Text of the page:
Tips for Co-Parenting During the Holidays

Side view of a man holding his young daughter while they hang ornaments on the christmas tree - coparenting holiday concept
Whether it’s your first holiday post-divorce or you’ve been apart for several years, co-parenting can be particularly challenging between Thanksgiving and New Year’s Day. While the holidays should be a time for relaxation, fun, and celebration, they can also be incredibly stressful when co-parents aren’t on good terms. However, by putting a co-parenting holiday schedule in place and taking a few tips into consideration, co-parents can have a holiday without tension — and help their children create positive memories that last a lifetime. Here are ten tips for drama-free co-parenting during the holidays:

1. Specify Who Gets Which Holidays in Your Parenting Plan

It’s important to create a co-parenting holiday schedule when you’re drafting your parenting plan. By dividing the holidays in advance, you can avoid disputes in the future. While the holidays can be split in many different ways, the arrangement should not favor one parent over another. For instance, some parents choose to alternate who has the children for Christmas each year — others may agree that the children spend Christmas Eve with one parent and Christmas Day. If co-parents live close enough, it might even be possible to split each holiday so the children get to spend part of the day with each parent.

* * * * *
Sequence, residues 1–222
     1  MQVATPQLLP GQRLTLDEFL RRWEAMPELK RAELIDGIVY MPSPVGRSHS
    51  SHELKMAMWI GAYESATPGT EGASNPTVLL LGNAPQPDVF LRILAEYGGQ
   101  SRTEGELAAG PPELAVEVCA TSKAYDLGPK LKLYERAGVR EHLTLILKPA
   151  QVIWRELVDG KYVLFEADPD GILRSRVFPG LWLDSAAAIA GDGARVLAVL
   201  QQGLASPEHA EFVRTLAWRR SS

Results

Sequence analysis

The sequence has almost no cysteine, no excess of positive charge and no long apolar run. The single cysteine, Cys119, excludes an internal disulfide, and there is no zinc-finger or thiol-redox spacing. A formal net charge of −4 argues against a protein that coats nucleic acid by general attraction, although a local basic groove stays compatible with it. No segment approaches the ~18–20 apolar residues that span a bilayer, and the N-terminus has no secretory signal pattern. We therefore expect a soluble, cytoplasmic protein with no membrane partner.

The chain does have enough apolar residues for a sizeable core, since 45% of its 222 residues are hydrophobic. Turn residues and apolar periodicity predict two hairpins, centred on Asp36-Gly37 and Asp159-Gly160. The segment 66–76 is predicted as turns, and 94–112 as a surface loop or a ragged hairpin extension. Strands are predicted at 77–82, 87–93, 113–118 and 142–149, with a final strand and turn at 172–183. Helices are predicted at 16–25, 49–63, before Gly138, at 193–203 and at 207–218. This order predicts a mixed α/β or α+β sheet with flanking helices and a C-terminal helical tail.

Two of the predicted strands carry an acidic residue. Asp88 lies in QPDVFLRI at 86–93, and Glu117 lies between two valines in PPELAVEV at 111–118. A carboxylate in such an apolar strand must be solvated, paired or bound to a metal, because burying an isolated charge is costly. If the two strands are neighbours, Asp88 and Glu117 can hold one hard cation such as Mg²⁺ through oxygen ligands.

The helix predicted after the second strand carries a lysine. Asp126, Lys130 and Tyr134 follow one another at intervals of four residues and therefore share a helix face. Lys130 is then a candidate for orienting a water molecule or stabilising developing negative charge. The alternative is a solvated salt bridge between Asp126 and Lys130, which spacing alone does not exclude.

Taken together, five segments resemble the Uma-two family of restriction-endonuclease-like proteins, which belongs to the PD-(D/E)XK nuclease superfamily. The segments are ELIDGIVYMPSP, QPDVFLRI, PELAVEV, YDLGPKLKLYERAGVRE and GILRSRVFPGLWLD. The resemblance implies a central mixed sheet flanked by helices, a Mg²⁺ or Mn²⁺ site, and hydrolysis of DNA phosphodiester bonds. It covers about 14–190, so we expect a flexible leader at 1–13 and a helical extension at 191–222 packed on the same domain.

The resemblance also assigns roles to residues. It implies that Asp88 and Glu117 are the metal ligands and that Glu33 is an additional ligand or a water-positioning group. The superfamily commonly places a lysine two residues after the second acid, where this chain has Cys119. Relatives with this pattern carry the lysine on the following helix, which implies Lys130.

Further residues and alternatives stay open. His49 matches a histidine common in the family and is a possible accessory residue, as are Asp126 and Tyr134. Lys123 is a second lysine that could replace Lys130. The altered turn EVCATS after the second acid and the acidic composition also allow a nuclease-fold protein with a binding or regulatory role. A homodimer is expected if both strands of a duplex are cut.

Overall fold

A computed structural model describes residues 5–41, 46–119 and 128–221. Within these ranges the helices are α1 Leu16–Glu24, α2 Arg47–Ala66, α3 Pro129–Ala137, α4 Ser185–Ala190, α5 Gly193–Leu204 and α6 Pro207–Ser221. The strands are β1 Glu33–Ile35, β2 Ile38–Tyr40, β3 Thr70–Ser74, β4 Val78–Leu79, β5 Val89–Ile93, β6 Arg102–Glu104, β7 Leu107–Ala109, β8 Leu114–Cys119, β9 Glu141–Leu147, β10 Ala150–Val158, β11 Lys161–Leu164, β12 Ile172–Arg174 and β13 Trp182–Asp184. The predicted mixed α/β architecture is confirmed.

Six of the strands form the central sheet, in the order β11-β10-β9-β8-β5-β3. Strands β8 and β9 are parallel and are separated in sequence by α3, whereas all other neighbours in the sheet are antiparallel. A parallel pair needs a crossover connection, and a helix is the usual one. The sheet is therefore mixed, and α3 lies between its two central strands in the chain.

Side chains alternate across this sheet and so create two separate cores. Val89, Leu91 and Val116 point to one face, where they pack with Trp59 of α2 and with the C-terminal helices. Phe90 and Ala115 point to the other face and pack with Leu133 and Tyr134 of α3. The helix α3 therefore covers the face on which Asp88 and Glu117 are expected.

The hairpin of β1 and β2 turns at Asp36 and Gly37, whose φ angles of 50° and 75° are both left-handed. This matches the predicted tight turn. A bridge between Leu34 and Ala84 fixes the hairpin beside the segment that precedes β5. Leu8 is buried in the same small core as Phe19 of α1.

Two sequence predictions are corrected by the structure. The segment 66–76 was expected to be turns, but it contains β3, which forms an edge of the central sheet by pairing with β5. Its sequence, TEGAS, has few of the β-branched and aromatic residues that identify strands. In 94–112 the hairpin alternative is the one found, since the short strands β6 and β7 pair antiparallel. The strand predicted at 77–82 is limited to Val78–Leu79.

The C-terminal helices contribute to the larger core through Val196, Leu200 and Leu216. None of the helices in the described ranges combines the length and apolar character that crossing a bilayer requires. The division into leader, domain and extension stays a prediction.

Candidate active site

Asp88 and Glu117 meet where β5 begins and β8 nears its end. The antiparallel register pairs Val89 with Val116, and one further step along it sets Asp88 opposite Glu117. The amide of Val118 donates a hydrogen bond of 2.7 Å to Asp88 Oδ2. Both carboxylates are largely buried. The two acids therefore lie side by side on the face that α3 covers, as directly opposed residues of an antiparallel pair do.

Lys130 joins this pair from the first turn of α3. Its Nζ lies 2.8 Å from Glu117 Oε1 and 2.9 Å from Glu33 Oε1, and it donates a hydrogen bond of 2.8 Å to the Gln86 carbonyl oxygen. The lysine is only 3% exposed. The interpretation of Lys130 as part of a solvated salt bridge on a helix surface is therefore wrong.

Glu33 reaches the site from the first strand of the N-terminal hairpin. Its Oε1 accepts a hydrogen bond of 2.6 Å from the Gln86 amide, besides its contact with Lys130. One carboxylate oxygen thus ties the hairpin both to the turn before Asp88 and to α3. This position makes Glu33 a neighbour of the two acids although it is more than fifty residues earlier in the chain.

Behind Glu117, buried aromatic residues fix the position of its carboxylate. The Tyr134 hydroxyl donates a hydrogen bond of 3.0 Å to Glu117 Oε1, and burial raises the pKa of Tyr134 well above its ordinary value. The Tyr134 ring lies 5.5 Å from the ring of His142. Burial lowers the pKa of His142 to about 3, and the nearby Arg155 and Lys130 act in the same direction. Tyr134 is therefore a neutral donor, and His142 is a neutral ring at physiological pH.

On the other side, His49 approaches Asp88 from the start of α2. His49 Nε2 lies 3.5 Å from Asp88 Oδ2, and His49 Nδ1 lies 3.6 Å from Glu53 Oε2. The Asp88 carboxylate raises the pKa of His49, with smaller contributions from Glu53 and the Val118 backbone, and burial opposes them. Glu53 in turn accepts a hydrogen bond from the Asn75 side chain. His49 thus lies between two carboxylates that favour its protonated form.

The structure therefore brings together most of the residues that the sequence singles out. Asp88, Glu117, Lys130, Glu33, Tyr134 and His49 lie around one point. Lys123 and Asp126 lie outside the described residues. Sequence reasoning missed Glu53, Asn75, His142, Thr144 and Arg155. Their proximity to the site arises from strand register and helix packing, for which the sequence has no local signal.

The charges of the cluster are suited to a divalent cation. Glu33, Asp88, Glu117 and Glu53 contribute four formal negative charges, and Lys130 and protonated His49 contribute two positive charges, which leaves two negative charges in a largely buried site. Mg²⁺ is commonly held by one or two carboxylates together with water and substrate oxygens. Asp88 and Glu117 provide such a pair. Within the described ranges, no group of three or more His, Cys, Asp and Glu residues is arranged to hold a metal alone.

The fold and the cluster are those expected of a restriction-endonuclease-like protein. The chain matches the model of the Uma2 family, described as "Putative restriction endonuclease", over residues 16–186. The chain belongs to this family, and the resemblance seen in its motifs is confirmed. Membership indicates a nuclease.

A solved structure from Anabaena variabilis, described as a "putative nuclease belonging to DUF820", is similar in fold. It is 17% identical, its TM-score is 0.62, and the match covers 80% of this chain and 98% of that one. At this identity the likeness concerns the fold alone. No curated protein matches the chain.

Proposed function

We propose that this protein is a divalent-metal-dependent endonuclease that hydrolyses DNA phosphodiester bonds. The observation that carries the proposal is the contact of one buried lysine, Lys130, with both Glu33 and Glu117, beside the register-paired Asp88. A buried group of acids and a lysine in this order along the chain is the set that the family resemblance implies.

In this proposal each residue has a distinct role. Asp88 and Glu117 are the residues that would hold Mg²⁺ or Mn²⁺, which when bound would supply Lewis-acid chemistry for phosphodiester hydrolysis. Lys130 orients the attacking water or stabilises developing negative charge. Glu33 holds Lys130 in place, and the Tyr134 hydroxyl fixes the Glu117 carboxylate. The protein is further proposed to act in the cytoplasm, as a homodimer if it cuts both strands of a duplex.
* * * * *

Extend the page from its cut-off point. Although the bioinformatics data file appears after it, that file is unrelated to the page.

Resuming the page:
2. Start New Traditions with Your Children

It’s essential to acknowledge that holidays will be different after a divorce. Instead of focusing on the traditions that you may no longer be able to carry on, create new ones with your children. Be sure to include your children in the planning process and don’t put too much pressure on yourself. Remember, the most important thing is that you prioritize your children and enjoy the time you spend together.

3. Be Flexible with Plans

Even if you have a solid parenting plan and co-parenting holiday schedule in place, there can still be unanticipated issues that arise. Illnesses and inclement winter weather can sometimes result in the need to cancel or reschedule plans. If your co-parent requests a last-minute change, be flexible. Not only can flexibility make your co-parenting relationship easier, but it can benefit your children long-term.

4. Know That Things Will Be Different

After a divorce, it can take you and your children some time to adjust to the changes in your lives. It’s essential that you acknowledge things will be different. While holidays can accentuate the fact that things will never be the same, they can trigger unexpected emotions in both parents and children. Post-divorce changes can be difficult for everyone — you should be patient with your children and civil with your co-parent.

5. Don’t Try to Compete with Your Co-Parent During the Holidays

Don’t try to outdo your co-parent or overcompensate by purchasing your children expensive gifts or toys. This won’t change the fact that their parents have parted ways, and it can often lead to resentment from your co-parent. Instead, it’s best for co-parents to work together to develop a budget and coordinate gifts to avoid gift competition.